So at a superficial level, at least, the algorithm seems to work. But let’s go a level deeper. I can collect the description strings and location strings for every user in each of the sub-groups and then, using MarcelloPerathoner’s suffix-tree library, I can extract the common sub-strings in order to see what each group is about. Here’s how that plays out for the larger groups:

no. description strings location strings commentary
1 ‘charlottesville’, ‘entrepreneur’, ‘founder’, ‘search’ ‘charlottesville, va’ When I lived in Cville I was very connected to the entrepreneourship and search tech communities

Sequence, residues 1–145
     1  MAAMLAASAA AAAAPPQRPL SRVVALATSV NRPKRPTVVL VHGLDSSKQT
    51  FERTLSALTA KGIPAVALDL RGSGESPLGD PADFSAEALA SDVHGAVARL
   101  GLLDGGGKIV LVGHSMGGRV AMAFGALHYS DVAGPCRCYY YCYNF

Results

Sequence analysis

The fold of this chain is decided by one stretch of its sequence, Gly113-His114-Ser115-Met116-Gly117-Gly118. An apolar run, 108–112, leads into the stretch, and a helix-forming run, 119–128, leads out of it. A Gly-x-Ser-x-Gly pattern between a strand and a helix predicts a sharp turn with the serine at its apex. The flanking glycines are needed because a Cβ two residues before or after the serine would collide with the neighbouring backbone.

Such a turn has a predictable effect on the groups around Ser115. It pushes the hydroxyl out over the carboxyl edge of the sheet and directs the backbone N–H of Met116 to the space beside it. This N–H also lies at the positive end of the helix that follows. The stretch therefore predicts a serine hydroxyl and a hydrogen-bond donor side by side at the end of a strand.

2 ‘@eventbrite’ ‘san francisco, ca’, ‘nashville, tn’ I was formerly employed at Eventbrite, a company based in SF and Nashville
3 ‘opinions are’, ‘@github’ (none) I am currently employed ay GitHub, an internationally distributed company (thus no location listed)
4 ‘data scien’, ‘engineer’ ‘nashville, tn’ After moving to Nashville I connected with the software and data science communities.
5 ‘python’ (none) Who doesn’t like Python? I know I do!

So not bad, right? I think with a little massaging, the Charlottesville entrepreneur community in group 1 could have been disentangled from my Charlottesville search technology friends. But then again, Charlottesville was a pretty tight-knit community.

Now what?

We could go in plenty of directions from here.